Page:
BEACHGOERS have been told not to be concerned by the off-putting colour and smell of the sea as a spring plankton bloom is the cause.

Visitors to Bournemouth beach recently will have noticed the water has turned a rusty brown with layers of scum on the surface.

But while some have feared the cause is an oil spillage or sewage leak, it is in fact a harmless algae known as phaeocystis.

John Hourston, a volunteer for the Blue Planet Society, said the outbreak of the phytoplankton was “relatively uncommon” in Bournemouth, with the last bloom seen in 2016.

“Lots of people are worried about it as the sea is currently the colour of… chocolate,” he said. “Most people are automatically concerned it is sewage, but it’s nothing that unpleasant.

“We last had a phaeocystis phytoplankton bloom in 2016 after the beach sand replenishment, and that was the first one I had seen in Bournemouth since 2010. This one is very strong but not as strong as the one in 2016.”

John explained that a number of factors can lead to a spring plankton bloom, including sunlight, nutrients, and temperature.

“This particular phaeocystis plankton plant often blooms when you get a period of strong sunlight and warm weather, together with nutrients building up in the sea.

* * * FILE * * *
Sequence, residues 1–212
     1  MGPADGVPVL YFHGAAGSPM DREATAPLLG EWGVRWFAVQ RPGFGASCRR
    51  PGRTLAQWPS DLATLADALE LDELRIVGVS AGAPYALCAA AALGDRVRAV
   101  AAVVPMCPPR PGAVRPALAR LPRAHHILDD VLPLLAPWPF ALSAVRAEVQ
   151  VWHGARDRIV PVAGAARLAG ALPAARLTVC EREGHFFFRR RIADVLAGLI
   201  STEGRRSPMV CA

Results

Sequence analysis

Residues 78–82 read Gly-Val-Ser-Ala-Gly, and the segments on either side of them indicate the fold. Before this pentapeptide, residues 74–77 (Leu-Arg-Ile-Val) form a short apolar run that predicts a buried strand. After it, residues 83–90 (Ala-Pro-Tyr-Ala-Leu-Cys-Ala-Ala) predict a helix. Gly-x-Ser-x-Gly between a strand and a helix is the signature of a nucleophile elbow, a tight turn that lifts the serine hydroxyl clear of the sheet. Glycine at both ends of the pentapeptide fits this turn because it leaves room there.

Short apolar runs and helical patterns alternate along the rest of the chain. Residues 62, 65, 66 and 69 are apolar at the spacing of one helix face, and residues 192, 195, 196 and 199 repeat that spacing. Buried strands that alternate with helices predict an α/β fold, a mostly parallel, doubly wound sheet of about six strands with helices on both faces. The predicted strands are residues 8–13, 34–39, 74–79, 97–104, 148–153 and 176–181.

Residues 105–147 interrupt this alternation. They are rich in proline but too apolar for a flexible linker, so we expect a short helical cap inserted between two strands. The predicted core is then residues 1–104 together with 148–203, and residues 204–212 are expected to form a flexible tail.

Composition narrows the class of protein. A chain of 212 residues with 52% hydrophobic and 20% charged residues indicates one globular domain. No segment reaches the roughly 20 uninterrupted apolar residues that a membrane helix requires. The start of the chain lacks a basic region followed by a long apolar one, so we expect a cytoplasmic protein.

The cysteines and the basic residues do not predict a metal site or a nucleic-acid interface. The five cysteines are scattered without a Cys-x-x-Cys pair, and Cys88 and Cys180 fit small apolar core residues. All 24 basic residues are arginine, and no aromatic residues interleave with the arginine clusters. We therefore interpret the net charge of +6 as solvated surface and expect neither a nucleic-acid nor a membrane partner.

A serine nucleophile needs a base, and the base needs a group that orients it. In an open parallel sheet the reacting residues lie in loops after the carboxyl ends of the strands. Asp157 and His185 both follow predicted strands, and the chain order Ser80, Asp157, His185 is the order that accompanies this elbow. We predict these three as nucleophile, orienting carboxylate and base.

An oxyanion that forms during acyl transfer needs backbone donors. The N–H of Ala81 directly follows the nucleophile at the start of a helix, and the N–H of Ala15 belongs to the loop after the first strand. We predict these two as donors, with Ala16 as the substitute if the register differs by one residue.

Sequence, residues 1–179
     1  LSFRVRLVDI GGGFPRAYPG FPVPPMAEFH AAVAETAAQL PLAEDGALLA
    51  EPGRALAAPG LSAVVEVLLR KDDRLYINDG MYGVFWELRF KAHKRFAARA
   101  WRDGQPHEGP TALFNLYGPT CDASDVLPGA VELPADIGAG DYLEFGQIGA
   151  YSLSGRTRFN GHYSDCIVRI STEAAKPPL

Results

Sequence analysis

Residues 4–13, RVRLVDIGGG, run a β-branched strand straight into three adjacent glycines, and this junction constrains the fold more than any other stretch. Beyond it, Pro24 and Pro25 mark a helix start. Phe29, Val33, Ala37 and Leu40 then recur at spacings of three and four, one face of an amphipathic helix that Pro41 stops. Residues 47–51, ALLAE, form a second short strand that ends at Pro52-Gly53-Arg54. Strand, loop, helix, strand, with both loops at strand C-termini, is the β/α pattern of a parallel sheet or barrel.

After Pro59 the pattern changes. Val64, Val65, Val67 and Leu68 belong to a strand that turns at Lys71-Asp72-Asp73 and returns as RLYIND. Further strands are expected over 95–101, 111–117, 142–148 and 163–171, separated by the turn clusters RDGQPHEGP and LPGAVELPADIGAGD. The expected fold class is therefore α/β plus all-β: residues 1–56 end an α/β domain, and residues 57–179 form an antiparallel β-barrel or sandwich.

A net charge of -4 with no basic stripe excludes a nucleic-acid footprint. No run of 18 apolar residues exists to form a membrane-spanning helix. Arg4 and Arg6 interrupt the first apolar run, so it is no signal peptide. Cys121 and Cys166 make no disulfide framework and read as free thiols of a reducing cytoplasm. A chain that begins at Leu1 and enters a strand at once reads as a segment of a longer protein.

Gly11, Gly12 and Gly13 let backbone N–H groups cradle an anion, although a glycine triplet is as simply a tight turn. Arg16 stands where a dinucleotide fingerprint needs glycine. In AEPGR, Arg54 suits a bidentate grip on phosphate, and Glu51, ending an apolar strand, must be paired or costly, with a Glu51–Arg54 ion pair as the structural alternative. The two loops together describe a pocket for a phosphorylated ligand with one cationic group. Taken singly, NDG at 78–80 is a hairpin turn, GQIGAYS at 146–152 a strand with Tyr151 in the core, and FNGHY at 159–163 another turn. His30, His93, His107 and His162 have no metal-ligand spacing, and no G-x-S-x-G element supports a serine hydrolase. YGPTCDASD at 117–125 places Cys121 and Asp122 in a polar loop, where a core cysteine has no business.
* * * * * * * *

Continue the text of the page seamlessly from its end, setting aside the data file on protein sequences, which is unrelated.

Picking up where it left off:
“They happen this time every year somewhere around the coast. It’s a completely natural event, although it doesn’t look very nice.

“It will clear up within the next week or ten days at most once it has died off, at which point it will sink to the sea bed.”

He added the oily patterns left on the sea’s surface were the result of dead phytoplankton.

“It’s nothing to worry about, but you wouldn’t really want to swim in it. When it gets a bit windier, it will froth up and create spume. It’s completely natural, but it does give off a slightly unpleasant smell,” he said.

The Environment Agency encourages people to report algal blooms, but says toxic algae is rare in English coastal waters.

On its website, the agency says: “Some non-toxic blooms can be mistaken for sewage pollution. One of the most common bloom-forming algae in English coastal waters forms a brown, frothy scum. This is often blown onto the shore where it breaks down into an unpleasant brown slime that smells like sewage. This soon breaks down and disappears.”